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Understanding Radiant Heating Systems

Radiant Heating Systems
As the cost of fuel sources such as natural gas and heating oil continues to rise, more and more people are exploring alternative options for heating their home during the winter months. Radiant heating represents one form of heating that has gained many devotees in recent years, thanks to its small footprint, quiet operation, and comfortable results.
Yet many people continue to shy away from radiant heat, simply due to a lack of understanding. Many cite confusion about the different types of radiant heat as a main source of their hesitation. If you would like to get your facts straight about radiant heating options, read on. This article will provide a useful overview of three different systems currently on the market.
Radiant Heating in General
Despite the wealth of options when it comes to a radiant heating system, the basic concept remains the same in most models. Three components form the backbone of an electric radiant heating system: a thermostat, a temperature sensor, and a heating cable. As with virtually any heating system, the first two act to regulate when and under what conditions the heater comes on.
Heating cables give radiant systems their uniqueness. They are installed beneath the surface of the floor. Electricity flowing through a heating cable generates heat, which moves upward through the surface of the floor. This method of heat transfer produces much more consistent results than forced air systems, thanks to the fact that the floor will retain - and thus continue radiating - heat once the system has shut off.
Loose Cable Heating
Loose cable systems represent the most fundamental form a radiant heating system can take. They also require the most experience and care on the part of the installer. The cables come on a large spool, leaving it up to the contractor to place them in an even, consistent manner across the entire floor.
The process of placing the heating cable must be undertaken in a systematic manner. Otherwise, else certain parts of the floor may not receive as much heat as others. The cable tends to be laid out in a serpentine manner, allowing a single unbroken cable to cover the entire floor. Hot glue or staples act to temporarily hold the cable in place.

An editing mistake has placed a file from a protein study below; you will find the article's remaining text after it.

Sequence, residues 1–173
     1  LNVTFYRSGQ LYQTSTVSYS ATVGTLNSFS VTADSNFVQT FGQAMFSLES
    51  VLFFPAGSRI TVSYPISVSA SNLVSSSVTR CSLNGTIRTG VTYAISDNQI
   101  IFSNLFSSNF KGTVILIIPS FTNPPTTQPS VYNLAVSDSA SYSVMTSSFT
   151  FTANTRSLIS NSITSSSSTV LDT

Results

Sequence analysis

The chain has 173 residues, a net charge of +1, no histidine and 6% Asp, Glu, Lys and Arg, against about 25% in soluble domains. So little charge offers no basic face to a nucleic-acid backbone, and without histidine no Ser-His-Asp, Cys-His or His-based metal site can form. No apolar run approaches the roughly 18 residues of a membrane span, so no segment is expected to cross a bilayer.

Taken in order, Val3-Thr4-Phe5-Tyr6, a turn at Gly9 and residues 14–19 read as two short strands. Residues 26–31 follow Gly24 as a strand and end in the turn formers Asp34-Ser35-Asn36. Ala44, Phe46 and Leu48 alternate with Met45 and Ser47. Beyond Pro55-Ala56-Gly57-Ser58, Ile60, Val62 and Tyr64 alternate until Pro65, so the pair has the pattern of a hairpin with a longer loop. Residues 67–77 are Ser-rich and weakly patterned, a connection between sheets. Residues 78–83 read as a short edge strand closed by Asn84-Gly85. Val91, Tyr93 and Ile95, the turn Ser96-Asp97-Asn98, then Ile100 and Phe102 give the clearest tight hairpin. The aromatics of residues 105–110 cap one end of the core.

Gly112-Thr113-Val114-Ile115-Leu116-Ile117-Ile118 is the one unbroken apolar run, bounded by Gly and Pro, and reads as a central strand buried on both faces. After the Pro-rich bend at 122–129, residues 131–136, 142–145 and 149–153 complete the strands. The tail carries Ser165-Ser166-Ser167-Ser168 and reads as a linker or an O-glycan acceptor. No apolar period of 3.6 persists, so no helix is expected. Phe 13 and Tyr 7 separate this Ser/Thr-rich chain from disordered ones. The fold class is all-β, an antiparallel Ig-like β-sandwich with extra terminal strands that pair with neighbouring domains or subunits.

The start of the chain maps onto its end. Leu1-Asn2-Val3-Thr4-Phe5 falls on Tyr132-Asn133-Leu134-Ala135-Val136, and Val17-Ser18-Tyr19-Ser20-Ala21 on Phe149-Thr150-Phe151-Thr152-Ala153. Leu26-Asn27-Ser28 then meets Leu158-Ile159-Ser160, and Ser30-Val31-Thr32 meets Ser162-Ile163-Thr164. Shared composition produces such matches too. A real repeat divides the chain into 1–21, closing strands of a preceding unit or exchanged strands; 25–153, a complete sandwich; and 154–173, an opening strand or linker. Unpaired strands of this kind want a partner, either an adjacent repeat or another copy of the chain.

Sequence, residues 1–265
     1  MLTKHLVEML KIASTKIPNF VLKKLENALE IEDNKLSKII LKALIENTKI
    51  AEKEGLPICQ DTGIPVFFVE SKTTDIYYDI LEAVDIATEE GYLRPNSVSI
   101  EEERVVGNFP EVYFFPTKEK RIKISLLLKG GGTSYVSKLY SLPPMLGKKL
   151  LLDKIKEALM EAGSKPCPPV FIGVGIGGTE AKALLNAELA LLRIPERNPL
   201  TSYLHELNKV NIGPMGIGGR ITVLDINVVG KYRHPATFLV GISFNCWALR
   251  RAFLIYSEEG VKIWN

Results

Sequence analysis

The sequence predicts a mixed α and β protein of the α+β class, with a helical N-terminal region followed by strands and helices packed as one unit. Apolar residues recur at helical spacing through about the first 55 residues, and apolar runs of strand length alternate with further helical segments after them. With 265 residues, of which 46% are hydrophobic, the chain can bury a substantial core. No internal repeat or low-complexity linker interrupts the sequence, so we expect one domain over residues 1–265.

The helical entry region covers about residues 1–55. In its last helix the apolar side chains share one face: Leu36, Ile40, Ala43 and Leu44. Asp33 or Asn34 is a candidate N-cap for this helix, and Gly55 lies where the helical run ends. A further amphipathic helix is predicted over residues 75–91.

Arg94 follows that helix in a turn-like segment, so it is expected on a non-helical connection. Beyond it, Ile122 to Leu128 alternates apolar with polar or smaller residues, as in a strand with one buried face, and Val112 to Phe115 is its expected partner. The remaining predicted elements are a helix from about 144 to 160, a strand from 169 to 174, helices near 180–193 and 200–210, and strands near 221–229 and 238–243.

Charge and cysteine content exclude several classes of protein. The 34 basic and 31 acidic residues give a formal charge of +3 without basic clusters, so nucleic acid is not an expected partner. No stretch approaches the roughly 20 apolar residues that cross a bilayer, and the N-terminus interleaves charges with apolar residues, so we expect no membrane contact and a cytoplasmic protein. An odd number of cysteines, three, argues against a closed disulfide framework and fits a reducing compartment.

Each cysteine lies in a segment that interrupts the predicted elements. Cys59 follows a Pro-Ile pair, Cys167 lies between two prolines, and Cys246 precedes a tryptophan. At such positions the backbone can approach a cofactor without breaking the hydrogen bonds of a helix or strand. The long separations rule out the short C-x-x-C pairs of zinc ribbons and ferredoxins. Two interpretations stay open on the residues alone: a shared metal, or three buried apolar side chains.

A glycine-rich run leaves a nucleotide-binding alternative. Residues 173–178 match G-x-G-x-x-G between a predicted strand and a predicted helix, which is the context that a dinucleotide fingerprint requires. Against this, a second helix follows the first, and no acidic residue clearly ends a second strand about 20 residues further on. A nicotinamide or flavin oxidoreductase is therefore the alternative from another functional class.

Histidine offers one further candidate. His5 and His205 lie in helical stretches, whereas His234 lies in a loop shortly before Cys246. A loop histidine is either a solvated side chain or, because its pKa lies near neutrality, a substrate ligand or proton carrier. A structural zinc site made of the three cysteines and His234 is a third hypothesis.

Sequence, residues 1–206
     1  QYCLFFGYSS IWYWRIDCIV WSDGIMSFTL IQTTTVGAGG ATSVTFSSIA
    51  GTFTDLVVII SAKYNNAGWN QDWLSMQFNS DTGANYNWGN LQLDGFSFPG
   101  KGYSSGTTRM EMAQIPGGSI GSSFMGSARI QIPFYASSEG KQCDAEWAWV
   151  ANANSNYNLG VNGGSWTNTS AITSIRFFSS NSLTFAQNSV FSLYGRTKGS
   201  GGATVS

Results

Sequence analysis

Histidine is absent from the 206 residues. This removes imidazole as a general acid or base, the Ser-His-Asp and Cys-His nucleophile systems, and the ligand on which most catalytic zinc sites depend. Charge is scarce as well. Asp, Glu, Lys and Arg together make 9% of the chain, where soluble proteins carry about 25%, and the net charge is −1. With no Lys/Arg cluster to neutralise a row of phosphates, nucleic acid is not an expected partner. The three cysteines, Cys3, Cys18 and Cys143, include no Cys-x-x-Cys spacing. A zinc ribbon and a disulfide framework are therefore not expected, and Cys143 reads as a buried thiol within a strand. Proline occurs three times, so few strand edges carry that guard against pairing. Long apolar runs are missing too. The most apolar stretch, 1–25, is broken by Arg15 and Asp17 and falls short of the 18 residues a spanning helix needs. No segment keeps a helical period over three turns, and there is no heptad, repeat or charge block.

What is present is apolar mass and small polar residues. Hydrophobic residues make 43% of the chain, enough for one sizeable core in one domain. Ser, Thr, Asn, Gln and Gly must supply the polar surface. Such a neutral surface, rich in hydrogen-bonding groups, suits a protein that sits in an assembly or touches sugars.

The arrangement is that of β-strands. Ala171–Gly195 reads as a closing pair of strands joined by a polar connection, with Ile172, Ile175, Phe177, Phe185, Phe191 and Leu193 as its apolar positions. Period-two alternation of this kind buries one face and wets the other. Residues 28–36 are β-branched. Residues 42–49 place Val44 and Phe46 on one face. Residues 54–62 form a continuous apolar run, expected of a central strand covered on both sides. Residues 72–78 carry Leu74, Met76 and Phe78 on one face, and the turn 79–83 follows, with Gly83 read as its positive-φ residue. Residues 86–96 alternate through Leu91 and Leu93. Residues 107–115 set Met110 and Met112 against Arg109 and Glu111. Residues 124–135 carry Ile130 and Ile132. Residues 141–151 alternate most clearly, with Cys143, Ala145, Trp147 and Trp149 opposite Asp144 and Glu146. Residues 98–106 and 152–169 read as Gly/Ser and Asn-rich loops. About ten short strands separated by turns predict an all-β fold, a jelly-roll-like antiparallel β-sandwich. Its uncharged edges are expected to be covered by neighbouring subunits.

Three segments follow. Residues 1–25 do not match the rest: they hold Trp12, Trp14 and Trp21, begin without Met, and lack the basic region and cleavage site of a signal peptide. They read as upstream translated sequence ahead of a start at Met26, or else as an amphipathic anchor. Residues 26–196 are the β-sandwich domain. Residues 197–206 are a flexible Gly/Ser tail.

Once the contractor feels satisfied by the arrangement of the cable, they pour either thin set mortar or self-leveling compound across the floor. These substances fill in the void spaces and create a level surface. Once the leveling compound has fully cured, the flooring itself may be installed on top of it.
Mesh Mat Heating
The drawback of loose cable systems lies in the relatively labor intensive method of installation, which may be enough to outweigh any savings in terms of material costs. Mesh mat systems tend to carry a higher price tag, but also offer a much greater ease of installation. They consist of a woven mesh through which the heating cable has been looped.
Embedding the cable in this manner means that an installer simply has to unroll the mat across the floor - a process requiring only a fraction of the time it takes to install loose cable. This allows the contractor to move on to the leveling phase within minutes, ensuring a speedy resolution to the process.
Solid Mat Heating
Solid mat heating systems go one step further in terms of their ease. Here, unlike mesh mat systems, the thin-set or self-leveling cement can be omitted entirely. As its name might imply, a solid mat system comes in the form of a smooth mat. This mat simply has to be laid atop the subflooring and fastened in place. Your flooring may then be installed on top of it immediately.
Expert Heating
Radiant heating represents an exciting option, one that anybody interested in a new heating system should consider. For more help determining what type of heating system will best suit your family's needs, please don't hesitate to contact the heating experts at Alabama Climate Control Inc.

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